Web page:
The Adoration of Jenna Fox by Mary E. Pearson

February 21, 2010
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They say she’s a miracle. Jenna Fox has been awake for two weeks and over a year of her life has vanished since the accident. They tell her to watch the videos. They think that will make her understand, make her remember. The only thing she knows for sure is her name. Jenna lives in a world where the second woman has been elected president, the twelfth planet has been named into the solar system, and the last wild polar bear has died. The only problem is, Jenna Fox doesn’t want to be a miracle.

Jenna Fox keeps on discovering more and more about her past life. Memories come back to her. Did she have friends? Where are they? Why don’t her parents ever talk about ‘the accident’? She discovers more and more about her new self that doesn’t make sense. Why does everyone know more about her than she does? Why does she only remember some things? Then finally, one small discovery starts to spiral into bigger and bigger discoveries. Soon enough, she knows more about herself than her parents could ever imagine. But whose fault is it?

Mary E. Pearson has a very unique writing style. At the end of every chapter she wrote a poem that is supposed to sum up what Jenna is feeling or thinking at the current time in the book. These poems are all written in the same style and other then by breaking up the chapters they seem to serve no real significance to the book. They are often vague, and tend to not add much depth to the chapter. Another thing Mary E. Pearson did that not many other authors attempt is adding a definition for the new emotion’s Jenna Fox learns. These definitions are always in Jenna’s perspective of the world, and add a lot of character and voice to her writing. They are not dictionary definitions and often they provide a secret insight to Jenna Fox’s mind.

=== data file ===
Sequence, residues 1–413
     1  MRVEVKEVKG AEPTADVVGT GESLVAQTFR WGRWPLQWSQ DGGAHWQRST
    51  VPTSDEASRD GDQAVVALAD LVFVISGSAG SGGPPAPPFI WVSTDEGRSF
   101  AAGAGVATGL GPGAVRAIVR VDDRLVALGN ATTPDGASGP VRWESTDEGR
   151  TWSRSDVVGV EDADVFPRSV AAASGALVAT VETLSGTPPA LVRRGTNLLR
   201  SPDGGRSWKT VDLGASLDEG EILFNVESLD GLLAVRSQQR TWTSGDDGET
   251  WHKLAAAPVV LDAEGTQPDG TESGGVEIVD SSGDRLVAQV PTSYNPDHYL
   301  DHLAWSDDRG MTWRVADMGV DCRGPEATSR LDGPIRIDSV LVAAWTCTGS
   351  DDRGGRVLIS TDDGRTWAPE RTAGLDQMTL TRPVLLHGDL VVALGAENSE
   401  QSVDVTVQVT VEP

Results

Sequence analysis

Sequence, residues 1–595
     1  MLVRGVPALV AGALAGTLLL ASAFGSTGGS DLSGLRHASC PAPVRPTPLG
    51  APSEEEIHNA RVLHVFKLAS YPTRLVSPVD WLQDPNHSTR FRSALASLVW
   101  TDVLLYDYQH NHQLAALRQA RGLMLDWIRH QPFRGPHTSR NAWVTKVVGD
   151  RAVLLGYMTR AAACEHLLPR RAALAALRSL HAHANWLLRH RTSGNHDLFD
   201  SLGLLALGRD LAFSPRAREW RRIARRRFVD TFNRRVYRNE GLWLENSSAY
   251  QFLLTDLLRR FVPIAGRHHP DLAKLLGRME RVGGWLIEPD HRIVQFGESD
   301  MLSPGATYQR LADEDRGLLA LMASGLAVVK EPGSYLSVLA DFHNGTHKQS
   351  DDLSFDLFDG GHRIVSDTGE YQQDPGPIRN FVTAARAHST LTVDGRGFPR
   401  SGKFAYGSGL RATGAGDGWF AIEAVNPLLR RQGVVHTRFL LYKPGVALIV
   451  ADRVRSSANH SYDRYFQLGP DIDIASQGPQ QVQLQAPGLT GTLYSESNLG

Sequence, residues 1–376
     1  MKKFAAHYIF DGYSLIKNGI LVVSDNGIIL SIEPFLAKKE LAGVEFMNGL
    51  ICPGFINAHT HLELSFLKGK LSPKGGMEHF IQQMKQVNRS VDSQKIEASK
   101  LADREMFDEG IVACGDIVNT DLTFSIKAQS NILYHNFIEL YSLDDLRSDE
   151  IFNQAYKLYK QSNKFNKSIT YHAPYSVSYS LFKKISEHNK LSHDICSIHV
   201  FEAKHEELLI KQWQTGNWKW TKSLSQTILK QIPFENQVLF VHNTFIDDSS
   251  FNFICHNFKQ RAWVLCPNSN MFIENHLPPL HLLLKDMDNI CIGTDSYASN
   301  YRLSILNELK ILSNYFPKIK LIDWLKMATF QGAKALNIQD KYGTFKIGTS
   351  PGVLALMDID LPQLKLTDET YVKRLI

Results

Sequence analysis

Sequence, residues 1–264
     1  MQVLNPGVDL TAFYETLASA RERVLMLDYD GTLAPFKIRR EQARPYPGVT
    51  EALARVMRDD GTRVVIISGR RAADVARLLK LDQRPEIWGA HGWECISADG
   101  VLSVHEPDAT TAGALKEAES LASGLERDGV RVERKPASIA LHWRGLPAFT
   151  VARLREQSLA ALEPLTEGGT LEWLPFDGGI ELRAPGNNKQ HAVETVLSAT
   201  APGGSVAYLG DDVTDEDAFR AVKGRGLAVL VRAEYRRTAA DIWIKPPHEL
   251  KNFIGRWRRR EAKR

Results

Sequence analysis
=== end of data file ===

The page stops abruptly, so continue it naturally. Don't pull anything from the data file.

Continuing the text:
Overall, The Adoration of Jenna Fox is not the best science fiction writing out there. It’s a good read if you’re not sure if you would enjoy this genre or if you’re really into reading futuristic, medical themed books. If you enjoyed books like Uglies by Scott Westerfeld or The Hunger Games by Suzanne Collins than this is probably a good novel for you. But most importantly, Mary E. Pearson did her job. This book makes you think about some important things; like genetic engineering, ethics, death, and self-perception. How far would you go to save someone you love?

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Hamburger said...
Mar. 1, 2010 at 6:28 am
I really liked how you described the authors writing as well as how you described the beginning. :D
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